Age-related differences in the effect of chronic alcohol on cognition and the brain: A systematic review

Lauren Kuhns, Emese Kroon, Heidi Lesscher, Gabry Mies, Janna Cousijn

Research output: Contribution to journalArticleAcademicpeer-review

Abstract

Adolescence is an important developmental period associated with increased risk for excessive alcohol use, but also high rates of recovery from alcohol use-related problems, suggesting potential resilience to long-term effects compared to adults. The aim of this systematic review is to evaluate the current evidence for a moderating role of age on the impact of chronic alcohol exposure on the brain and cognition. We searched Medline, PsycInfo, and Cochrane Library databases up to February 3, 2021. All human and animal studies that directly tested whether the relationship between chronic alcohol exposure and neurocognitive outcomes differs between adolescents and adults were included. Study characteristics and results of age-related analyses were extracted into reference tables and results were separately narratively synthesized for each cognitive and brain-related outcome. The evidence strength for age-related differences varies across outcomes. Human evidence is largely missing, but animal research provides limited but consistent evidence of heightened adolescent sensitivity to chronic alcohol's effects on several outcomes, including conditioned aversion, dopaminergic transmission in reward-related regions, neurodegeneration, and neurogenesis. At the same time, there is limited evidence for adolescent resilience to chronic alcohol-induced impairments in the domain of cognitive flexibility, warranting future studies investigating the potential mechanisms underlying adolescent risk and resilience to the effects of alcohol. The available evidence from mostly animal studies indicates adolescents are both more vulnerable and potentially more resilient to chronic alcohol effects on specific brain and cognitive outcomes. More human research directly comparing adolescents and adults is needed despite the methodological constraints. Parallel translational animal models can aid in the causal interpretation of observed effects. To improve their translational value, future animal studies should aim to use voluntary self-administration paradigms and incorporate individual differences and environmental context to better model human drinking behavior.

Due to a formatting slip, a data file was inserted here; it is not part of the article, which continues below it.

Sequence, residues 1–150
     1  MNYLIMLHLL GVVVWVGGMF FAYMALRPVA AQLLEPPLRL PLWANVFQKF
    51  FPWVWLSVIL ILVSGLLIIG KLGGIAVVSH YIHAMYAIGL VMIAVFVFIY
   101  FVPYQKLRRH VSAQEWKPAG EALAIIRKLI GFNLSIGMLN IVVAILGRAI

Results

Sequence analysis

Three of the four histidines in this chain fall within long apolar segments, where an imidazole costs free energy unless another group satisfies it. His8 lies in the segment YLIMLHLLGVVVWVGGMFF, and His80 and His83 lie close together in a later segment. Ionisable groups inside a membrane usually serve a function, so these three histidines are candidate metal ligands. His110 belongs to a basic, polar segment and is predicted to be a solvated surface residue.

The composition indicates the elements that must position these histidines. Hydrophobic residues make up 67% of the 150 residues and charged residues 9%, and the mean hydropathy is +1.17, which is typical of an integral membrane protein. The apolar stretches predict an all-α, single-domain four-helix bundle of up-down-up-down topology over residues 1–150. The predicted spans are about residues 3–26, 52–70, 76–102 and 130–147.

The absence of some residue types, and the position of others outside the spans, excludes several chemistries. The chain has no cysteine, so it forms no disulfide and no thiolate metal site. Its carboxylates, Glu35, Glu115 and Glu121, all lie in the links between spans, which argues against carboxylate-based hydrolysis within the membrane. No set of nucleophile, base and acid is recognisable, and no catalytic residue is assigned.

Original languageEnglish
Article number345
JournalTranslational Psychiatry
Volume12
Issue number1
DOIs
Publication statusPublished - 25 Aug 2022

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© 2022. The Author(s).

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